Friday, 5 March 2010

Poor cycling infrastructure part 3

Ask any cyclist what they consider to be the biggest risk to them and the answer will usually be car doors. A close second (or even first) for me is intersections.

Here is the intersection between Walkerville Terrace and Stephen Terrace in Walkerville. Here you are looking west:

That faded white line is the cycling infrastructure. Note how it simply disappears at the intersection. It is faded because of cars driving over it. Not that motorists are to blame. It is very easy to miss it.

Across the intersection, the cycle lane is a little clearer. Walkerville Terrace at this point is quite pleasant. The speed limit is 50 km/h, the road is wide and there is only one lane of traffic each side. Although in this picture there are not many parked cars, on many other streets with this type of bike lane, they are a constant hazard. Doors open all the time without warning:

Behind the silver car on the other side of the road you can see a bus stop. There is also one on this side of the road. When the bus stops there, it generally blocks the bike lane and you have to weave into the lane of traffic to get past it. Again, it is not the end of the world but it is one of those pointless obstacles that stop people using alternative forms of transport.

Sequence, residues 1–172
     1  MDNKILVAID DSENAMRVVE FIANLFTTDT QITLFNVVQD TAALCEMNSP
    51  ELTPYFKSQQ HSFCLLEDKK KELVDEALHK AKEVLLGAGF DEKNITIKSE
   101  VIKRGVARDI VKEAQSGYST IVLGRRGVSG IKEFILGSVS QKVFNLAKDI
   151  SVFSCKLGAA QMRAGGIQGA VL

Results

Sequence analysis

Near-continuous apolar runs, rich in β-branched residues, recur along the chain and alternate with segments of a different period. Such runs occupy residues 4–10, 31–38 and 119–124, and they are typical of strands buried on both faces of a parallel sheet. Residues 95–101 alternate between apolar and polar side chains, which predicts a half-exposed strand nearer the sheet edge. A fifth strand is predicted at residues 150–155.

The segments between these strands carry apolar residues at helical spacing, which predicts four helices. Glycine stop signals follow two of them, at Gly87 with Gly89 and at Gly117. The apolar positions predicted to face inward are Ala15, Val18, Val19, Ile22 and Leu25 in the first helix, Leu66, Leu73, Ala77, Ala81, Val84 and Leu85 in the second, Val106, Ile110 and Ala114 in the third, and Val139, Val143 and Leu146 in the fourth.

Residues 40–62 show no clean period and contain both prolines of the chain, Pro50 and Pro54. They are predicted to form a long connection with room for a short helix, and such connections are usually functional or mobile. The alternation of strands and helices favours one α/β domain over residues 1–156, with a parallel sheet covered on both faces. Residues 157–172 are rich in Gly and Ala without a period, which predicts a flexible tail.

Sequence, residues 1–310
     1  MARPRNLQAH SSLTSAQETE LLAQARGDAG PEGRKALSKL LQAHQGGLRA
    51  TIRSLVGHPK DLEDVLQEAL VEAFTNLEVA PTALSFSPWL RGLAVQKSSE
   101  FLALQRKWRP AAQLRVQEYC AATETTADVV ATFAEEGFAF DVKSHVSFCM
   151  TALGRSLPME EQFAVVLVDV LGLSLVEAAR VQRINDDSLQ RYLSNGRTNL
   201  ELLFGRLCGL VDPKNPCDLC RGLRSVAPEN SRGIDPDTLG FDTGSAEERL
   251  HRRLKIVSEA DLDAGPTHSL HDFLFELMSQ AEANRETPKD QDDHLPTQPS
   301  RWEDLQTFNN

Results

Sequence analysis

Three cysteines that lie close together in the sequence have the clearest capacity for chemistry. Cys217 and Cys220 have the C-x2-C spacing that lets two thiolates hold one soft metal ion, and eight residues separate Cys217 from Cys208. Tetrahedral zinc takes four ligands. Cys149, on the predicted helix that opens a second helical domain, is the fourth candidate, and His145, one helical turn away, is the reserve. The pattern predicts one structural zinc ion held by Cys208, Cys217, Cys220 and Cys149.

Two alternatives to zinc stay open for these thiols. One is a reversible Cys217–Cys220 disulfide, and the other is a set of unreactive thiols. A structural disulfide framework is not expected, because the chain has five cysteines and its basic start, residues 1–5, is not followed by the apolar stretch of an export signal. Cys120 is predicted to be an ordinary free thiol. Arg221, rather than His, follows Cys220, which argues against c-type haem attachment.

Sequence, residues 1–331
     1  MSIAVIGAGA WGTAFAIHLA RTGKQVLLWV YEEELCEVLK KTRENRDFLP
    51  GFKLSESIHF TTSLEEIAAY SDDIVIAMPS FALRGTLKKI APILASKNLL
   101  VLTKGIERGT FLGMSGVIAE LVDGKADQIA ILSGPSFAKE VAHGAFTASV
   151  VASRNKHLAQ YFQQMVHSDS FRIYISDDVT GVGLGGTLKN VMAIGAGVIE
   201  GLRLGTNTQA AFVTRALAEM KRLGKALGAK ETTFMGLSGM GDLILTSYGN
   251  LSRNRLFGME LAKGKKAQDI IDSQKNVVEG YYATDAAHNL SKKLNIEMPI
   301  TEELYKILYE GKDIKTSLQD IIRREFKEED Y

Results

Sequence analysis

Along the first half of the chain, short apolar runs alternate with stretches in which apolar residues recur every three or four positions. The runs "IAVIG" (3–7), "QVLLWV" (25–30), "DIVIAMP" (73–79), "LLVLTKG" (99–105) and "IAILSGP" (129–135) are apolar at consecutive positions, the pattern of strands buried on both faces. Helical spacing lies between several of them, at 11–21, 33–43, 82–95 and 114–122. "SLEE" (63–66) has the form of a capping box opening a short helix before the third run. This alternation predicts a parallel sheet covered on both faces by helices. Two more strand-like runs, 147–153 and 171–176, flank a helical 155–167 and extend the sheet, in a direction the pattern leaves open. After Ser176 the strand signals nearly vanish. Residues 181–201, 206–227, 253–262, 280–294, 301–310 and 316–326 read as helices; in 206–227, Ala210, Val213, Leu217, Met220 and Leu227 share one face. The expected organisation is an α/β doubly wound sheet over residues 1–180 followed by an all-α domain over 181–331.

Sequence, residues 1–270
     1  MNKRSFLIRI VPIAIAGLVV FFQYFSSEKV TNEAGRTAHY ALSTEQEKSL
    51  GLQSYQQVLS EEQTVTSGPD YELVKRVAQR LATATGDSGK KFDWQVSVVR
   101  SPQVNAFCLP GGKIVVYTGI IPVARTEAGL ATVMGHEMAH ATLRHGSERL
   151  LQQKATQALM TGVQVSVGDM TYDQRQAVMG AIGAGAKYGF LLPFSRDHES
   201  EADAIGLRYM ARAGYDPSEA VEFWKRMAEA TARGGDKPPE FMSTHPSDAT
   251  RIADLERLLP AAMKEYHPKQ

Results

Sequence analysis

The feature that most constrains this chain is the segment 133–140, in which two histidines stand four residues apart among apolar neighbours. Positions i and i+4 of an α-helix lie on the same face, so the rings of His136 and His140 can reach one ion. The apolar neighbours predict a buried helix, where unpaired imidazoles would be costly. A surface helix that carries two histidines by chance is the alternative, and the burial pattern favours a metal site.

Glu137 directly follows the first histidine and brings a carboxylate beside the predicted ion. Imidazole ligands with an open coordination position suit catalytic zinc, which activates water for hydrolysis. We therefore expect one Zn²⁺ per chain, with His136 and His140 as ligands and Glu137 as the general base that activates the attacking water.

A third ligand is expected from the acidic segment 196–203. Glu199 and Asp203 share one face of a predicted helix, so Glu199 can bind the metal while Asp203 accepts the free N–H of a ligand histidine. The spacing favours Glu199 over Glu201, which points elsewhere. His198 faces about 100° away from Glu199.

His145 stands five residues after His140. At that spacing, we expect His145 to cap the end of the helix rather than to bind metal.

At the end of the road, cyclists are forgotten about again and squashed to the side:

The lane continues around the corner and you are generally expected to join four lanes of traffic speeding along at 60 km/h. Fortunately, most people are not suicidal and ride onto the pavement and then on to Park Terrace which like Mann Terrace (see earlier post) is closed to through traffic.

Normally you would go overseas for an example of how to deal with bus stops but this time you only need to go to Sturt Street in the city. Here is a view from one end of the new completely separated bike lane:

Motorists have space when turning left to allow bikes past first:

And there is plenty of space for parking:

Where the school crossing is cyclists quite rightly have to wait for children to cross first:

There is also no conflict with buses picking up passengers:

In other words: it is safe and feels safe.

The only drawback is that the lane ends abruptly and you are left to fend for yourself with no protection other than a white line:

Still, it's early days yet. Hopefully this is the sign of things to come.

1 comment:

  1. For me the biggest problem is people pulling out of side streets right in front of me.

    The second problem is trying to merge when the cycle lane mysteriously disappears.

    I stay well away from car doors, though it can be difficult in heavy city traffic.